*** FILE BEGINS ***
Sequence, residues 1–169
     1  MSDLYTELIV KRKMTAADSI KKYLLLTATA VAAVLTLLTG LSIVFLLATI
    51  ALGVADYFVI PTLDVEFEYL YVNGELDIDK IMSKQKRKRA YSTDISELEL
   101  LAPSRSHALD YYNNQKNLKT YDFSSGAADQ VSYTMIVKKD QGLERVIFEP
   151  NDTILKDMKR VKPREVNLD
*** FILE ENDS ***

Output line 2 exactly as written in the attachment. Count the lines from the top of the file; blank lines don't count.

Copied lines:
     1  MSDLYTELIV KRKMTAADSI KKYLLLTATA VAAVLTLLTG LSIVFLLATI